So what has happened here the past few weeks?! The website was updated so that now I can run it off of WordPress instead of other means! Woohoo! Although I still can’t get the text to show it in blue, all the text below is from other sources and linked back to them.
Therefore, let’s continue where we were, shall we?
This week, I’m highlighting Jim Simpson’s knitted rug that he made in POW camp in WWII. Although I wrote about Jim in 2008, which you can see here, I wanted to include him in #HistCraftivism because what he made is an amazing testament to our will to create during times of distress.
“I knitted a few pairs of socks for some who were eager to escape, but they all seemed to return rather crestfallen, but with socks intact.” J.O. Simpson, 1995.
James O. Simpson enlisted in the Royal Australian Air Force in 1940, aged 26. On his first mission, his aircraft was shot down. Captured by the German Army, he was transported to a prisoner of war camp, where he spent the rest of World War II.
As a prisoner James knitted an extraordinary memorial to this time in Australia’s military history: a rug depicting a map of Australia and the Coat of Arms.
While a prisoner in Germany, Simpson knitted a rug featuring a map of Australia and the Australian Coat of Arms. He started making the rug after German soldiers told him they were going to take his jumper.
They wanted to send it to the Russian front, I said they can’t do that… so I went to the toilet and pulled it to bits, and if they wanted it they could put it together again.
Simpson completed the rug after using wool from a second jumper he brought for 40 cigarettes.
Part of the full story that Jim tells about the rug over at: The Man From Snowy River Museum:
The rug itself was knitted in one piece, the Coat of Arms and all. The Crown Jewels were worked with a needle and coloured wool, five crowns for the Cross of St George for NSW’s, one crown for Victoria’s Southern Cross, and one crown in the centre of the Maltese cross for QLD.
The knitting time to make this rug was about six weeks. The winding of the wool, some well worn, some reasonable, to make it twelve ply, took many months to get a reasonable article to knit with. There were hundreds of small sections or worn wool joined together to be reasonably even. I had no trouble with the Germans in making this article, as a matter of fact they were rather astonished with the finished product.
Afraid that his new wool Naval pullover would be stolen by the prison-camp guards, Jim unraveled the sweater, rolled the white yarn into balls, and stored them away in Red Cross boxes. Everyone thought he was crazy, wondering “what the hell he had all that stuff for.
Jim was planning to knit a rug, an item that would keep him warm but be less tempting to thieves than a sweater. He needed more wool, so he went on a scavenger hunt in the camp. For $50 he bought another Naval pullover. He knit a new pair of white socks and traded them to a Canadian airman for his multicolored hockey socks. He traded cigarettes for other wool items that could be unraveled. And he used a few balls of sock yarn his mother had sent him.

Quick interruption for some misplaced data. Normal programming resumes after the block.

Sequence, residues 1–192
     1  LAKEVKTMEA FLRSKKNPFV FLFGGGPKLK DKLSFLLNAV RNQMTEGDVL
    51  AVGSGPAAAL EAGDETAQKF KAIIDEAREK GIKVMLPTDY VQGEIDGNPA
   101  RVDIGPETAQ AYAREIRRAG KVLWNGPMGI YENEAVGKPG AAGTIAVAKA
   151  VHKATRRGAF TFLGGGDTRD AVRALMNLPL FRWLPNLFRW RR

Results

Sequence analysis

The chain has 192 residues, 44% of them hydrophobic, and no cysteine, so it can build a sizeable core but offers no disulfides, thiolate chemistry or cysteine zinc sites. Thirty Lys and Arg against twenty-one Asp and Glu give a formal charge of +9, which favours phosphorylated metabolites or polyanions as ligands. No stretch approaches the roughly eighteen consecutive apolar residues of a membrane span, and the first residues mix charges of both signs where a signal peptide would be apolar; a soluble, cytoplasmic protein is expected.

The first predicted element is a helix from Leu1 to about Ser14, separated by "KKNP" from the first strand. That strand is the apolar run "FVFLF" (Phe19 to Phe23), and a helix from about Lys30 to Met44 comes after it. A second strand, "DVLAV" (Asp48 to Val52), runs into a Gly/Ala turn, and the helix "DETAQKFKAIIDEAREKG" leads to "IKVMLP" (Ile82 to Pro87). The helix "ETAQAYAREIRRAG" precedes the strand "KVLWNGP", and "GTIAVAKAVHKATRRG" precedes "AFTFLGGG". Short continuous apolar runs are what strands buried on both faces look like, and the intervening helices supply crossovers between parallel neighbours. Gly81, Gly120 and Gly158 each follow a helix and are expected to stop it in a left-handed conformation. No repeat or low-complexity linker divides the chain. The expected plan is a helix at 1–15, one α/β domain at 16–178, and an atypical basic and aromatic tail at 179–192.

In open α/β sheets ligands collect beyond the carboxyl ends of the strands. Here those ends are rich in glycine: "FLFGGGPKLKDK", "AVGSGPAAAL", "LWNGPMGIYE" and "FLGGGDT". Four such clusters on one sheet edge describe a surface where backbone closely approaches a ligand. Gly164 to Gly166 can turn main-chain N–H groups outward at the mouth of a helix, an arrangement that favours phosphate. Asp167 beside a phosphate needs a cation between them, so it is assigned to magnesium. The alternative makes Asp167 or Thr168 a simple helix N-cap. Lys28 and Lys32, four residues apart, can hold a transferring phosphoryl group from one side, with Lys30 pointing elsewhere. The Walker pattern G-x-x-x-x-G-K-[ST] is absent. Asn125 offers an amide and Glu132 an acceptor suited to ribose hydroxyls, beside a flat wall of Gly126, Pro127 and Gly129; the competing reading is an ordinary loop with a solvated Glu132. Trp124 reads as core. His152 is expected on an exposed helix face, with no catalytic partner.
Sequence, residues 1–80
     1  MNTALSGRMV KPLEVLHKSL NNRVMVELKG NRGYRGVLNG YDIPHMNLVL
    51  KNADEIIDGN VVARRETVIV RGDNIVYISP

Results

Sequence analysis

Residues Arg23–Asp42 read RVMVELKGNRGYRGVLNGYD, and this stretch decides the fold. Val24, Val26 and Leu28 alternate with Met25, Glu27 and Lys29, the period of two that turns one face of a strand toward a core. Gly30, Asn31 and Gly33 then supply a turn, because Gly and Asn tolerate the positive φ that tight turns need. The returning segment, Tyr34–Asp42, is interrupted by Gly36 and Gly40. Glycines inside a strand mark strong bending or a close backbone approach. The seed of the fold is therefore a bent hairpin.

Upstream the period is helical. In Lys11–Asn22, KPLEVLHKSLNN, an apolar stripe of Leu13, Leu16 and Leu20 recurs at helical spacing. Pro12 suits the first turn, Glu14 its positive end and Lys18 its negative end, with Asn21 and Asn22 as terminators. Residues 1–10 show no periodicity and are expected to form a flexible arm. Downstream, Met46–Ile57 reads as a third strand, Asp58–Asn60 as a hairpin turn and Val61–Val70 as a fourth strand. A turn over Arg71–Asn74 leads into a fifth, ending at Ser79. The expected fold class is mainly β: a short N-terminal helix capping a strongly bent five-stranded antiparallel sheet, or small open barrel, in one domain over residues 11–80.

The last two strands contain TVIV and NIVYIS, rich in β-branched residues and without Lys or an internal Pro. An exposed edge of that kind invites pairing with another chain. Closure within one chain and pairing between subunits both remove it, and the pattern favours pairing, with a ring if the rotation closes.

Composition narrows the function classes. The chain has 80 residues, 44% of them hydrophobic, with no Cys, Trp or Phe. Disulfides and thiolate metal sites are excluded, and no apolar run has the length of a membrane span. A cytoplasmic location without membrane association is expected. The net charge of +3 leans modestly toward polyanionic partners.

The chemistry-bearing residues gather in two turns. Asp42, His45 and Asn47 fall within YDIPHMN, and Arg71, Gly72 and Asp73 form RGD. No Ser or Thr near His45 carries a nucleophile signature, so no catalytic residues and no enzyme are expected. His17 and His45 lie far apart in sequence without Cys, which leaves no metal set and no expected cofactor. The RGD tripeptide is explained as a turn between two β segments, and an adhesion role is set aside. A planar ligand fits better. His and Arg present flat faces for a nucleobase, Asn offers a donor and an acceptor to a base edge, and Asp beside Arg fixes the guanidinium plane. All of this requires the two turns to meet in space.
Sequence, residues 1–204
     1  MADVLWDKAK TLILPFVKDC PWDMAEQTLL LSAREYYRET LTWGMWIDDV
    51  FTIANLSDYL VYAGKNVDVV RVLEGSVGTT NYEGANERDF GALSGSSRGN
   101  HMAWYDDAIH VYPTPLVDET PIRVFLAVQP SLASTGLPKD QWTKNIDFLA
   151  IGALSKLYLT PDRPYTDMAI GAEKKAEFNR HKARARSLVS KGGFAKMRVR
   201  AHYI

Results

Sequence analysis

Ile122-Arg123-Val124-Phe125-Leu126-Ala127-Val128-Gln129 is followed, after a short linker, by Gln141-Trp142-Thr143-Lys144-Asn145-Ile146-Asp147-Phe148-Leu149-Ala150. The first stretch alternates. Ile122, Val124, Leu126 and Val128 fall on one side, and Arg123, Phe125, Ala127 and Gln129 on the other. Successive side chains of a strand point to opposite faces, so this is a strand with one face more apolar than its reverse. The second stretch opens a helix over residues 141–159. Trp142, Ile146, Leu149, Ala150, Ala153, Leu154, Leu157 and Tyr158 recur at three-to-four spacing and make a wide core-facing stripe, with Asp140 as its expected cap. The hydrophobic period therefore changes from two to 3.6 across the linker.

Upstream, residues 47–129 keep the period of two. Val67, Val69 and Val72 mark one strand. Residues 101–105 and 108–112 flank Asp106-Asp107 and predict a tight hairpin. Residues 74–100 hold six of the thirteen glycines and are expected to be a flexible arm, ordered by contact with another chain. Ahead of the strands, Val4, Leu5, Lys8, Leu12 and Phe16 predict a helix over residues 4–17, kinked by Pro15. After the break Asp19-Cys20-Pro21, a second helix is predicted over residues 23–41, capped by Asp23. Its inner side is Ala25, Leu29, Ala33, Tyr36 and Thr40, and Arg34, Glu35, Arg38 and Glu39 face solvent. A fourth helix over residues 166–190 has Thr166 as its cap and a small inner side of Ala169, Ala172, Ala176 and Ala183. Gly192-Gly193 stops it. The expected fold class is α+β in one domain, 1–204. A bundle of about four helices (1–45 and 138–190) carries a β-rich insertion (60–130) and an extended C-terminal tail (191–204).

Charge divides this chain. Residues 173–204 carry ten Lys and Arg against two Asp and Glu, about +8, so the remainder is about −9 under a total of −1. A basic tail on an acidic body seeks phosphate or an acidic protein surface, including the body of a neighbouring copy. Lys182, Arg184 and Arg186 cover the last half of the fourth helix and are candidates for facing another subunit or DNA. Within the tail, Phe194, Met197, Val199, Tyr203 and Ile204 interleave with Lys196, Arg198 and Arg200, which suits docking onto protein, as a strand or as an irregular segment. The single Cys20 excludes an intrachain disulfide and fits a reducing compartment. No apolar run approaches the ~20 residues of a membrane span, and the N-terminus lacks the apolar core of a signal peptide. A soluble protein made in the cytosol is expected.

Even with all of this, getting enough yarn for the rug was a challenge. The only sweaters Jim could get were either wearing out or full of lice. Parts of the sweaters had to be discarded because they were threadbare. Jim also had to boil the yarn to get rid of the lice.
Finding knitting needles was no easier. Jim had to make his own. He took the handles off of Italian Army “dixie cans” (cooking pots), straightened them out, and sharpened the tips to points by rubbing them on cement. Amazingly, he was allowed to keep these sharp objects.
It’s a complete map of Australia with all the states marked, all the mountains and the rivers and lakes. He’s got a coat of arms for each of the states above the map.
The whole thing is a six-foot square rug. It’s in fantastic condition. It was used for a little while then rolled up and moth-balled so from a conservation point of view it’s been very well looked after.
Earlier this year  Jim Simpson’s bed caught fire.
For 60 years he’d kept a rug of national significance, depicting a map of Australia and the Coat of Arms he knitted while a prisoner of war, under that bed.
“It was rolled in his kit-bag and then in another kit-bag under his bed, so ideal conditions as far as keeping it away from temperature fluctuations and light,” Upper Murray Historical Society project officer Marita Albert said.
Which was all wonderful until his electric blanket caught fire.
“We’re very, very lucky that two weeks prior to the fire he had given it to us.”
Mr Simpson’s rug was officially unveiled as the centrepiece of an extension to the Man From Snowy River Museum at Corryong.
For years the Australian War Memorial had wanted to preserve the rug but Jim, 96, would not let them.
“I want it to be in Corryong in memory of my mother, who taught me to knit, and in memory of the boys in the camp,” Mr Simpson said.